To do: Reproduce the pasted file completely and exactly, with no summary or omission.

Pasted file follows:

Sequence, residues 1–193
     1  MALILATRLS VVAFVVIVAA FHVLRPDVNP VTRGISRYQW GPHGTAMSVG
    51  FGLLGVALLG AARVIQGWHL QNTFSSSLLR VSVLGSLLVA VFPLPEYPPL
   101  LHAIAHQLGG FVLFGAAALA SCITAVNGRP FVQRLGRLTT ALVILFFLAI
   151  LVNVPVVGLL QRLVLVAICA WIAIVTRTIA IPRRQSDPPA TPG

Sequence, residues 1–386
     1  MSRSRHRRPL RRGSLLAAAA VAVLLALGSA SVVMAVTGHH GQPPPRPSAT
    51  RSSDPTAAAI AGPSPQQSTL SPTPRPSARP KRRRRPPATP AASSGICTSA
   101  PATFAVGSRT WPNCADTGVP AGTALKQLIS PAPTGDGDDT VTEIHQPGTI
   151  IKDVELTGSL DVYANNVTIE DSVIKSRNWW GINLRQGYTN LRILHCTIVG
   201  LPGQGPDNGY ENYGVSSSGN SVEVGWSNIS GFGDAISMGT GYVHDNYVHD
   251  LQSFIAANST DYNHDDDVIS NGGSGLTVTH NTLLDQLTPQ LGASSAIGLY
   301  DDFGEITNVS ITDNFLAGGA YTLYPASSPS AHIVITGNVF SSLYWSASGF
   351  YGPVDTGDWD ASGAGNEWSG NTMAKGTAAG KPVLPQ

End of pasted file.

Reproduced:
Sequence, residues 1–193
     1  MALILATRLS VVAFVVIVAA FHVLRPDVNP VTRGISRYQW GPHGTAMSVG
    51  FGLLGVALLG AARVIQGWHL QNTFSSSLLR VSVLGSLLVA VFPLPEYPPL
   101  LHAIAHQLGG FVLFGAAALA SCITAVNGRP FVQRLGRLTT ALVILFFLAI
   151  LVNVPVVGLL QRLVLVAICA WIAIVTRTIA IPRRQSDPPA TPG

Sequence, residues 1–386
     1  MSRSRHRRPL RRGSLLAAAA VAVLLALGSA SVVMAVTGHH GQPPPRPSAT
    51  RSSDPTAAAI AGPSPQQSTL SPTPRPSARP KRRRRPPATP AASSGICTSA
   101  PATFAVGSRT WPNCADTGVP AGTALKQLIS PAPTGDGDDT VTEIHQPGTI
   151  IKDVELTGSL DVYANNVTIE DSVIKSRNWW GINLRQGYTN LRILHCTIVG
   201  LPGQGPDNGY ENYGVSSSGN SVEVGWSNIS GFGDAISMGT GYVHDNYVHD
   251  LQSFIAANST DYNHDDDVIS NGGSGLTVTH NTLLDQLTPQ LGASSAIGLY
   301  DDFGEITNVS ITDNFLAGGA YTLYPASSPS AHIVITGNVF SSLYWSASGF
   351  YGPVDTGDWD ASGAGNEWSG NTMAKGTAAG KPVLPQ